International Journal of Humanities and Social Science

ISSN 2220-8488 (Print), 2221-0989 (Online) 10.30845/ijhss

ILLUSTRATING THE OLYMPIC GAMES THE ATHENS CASE (1896, 2004) FROM NIKOLAOS GYZIS TO DIMITRIS PAPA├ĆOANNOY
Panagiota Papanikolaou

Abstract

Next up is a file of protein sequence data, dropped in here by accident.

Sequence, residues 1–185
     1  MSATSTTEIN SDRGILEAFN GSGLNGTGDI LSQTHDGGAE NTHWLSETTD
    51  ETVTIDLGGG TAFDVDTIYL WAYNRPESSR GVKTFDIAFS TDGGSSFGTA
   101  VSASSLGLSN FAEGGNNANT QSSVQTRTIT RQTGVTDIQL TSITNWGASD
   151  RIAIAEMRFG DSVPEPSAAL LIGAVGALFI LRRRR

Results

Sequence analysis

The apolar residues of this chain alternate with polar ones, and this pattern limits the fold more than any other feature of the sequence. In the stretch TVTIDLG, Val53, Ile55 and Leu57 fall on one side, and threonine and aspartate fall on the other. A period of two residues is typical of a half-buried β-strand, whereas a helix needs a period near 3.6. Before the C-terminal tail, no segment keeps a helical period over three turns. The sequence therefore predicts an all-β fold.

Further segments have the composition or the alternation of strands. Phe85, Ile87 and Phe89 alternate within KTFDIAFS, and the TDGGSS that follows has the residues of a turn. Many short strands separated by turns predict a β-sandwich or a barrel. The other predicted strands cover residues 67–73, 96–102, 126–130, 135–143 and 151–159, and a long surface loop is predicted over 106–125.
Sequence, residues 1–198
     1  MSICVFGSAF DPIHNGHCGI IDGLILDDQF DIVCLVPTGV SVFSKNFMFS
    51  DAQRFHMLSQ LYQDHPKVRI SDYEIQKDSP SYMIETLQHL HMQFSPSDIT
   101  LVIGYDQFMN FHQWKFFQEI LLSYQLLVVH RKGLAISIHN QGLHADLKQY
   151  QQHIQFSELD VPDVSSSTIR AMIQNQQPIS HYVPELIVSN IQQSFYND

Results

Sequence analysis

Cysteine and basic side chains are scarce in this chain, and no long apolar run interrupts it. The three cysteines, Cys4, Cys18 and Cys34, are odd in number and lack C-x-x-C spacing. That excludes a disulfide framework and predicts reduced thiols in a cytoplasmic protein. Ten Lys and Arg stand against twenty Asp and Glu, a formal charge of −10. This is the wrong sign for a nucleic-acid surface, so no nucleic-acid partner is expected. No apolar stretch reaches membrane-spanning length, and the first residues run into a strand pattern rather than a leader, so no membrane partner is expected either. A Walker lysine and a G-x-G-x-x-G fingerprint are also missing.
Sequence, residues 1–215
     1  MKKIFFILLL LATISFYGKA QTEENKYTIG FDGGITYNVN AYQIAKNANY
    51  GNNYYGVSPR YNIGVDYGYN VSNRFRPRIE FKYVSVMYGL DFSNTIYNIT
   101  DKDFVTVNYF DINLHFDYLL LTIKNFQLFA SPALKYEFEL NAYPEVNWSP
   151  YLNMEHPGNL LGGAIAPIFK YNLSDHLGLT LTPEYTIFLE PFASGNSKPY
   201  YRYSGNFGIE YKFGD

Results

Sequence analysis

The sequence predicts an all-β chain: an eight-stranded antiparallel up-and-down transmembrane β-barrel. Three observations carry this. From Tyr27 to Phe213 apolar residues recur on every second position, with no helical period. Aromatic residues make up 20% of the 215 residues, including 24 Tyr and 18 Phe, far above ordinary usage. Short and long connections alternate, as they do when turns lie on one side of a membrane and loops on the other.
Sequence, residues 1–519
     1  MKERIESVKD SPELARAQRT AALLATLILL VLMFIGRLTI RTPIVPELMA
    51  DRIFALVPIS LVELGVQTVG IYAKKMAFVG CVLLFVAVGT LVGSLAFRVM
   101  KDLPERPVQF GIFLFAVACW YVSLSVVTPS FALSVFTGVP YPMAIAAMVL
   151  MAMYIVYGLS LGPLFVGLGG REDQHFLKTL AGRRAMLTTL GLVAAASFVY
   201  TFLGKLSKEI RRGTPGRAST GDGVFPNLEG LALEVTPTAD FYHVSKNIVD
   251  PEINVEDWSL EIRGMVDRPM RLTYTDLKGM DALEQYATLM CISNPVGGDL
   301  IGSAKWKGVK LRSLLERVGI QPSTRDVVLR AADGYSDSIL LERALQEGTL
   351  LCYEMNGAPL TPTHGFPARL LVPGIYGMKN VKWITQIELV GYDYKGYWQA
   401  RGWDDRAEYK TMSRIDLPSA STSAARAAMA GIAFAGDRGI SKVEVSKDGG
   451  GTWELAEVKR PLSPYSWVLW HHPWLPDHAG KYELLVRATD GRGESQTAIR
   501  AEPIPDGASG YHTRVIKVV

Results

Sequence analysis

Greece is the smallest country to have organised Olympic Games twice, in 1896 and in 2004. The first time was a historically important event, which originated from people who adored Ancient Greece and its achievements in both the fields of sport and culture. Their revival signalled the beginning of a new understanding of Man, introducing the principles of mutual respect and universalism, excellence and sportsmanship. For Greece, its second Olympic Games represented an opportunity to enhance its national identity and to promote its image abroad. The setting was entirely different in 2004. Athens had the appearance of a modern city, the Games were considered to be particularly successful, and this became a source of national pride for its inhabitants. From the outset, the modern Olympic Games have been associated with culture, in line with the vision of the man who inspired them, Pierre de Coubertin. The Cultural Olympiad is the great legacy to the culture of the Olympic Games. At the same time, all visual material relating to the organisation and the carrying out of the Games has adopted aesthetic rules and has had an undeniable artistic character. There are several such items ranging from posters and medals to pictograms and commemorative stamps. This paper lists, evaluates and examines materials which constitute, from all points of view, evidence of the Olympic cultural legacy.

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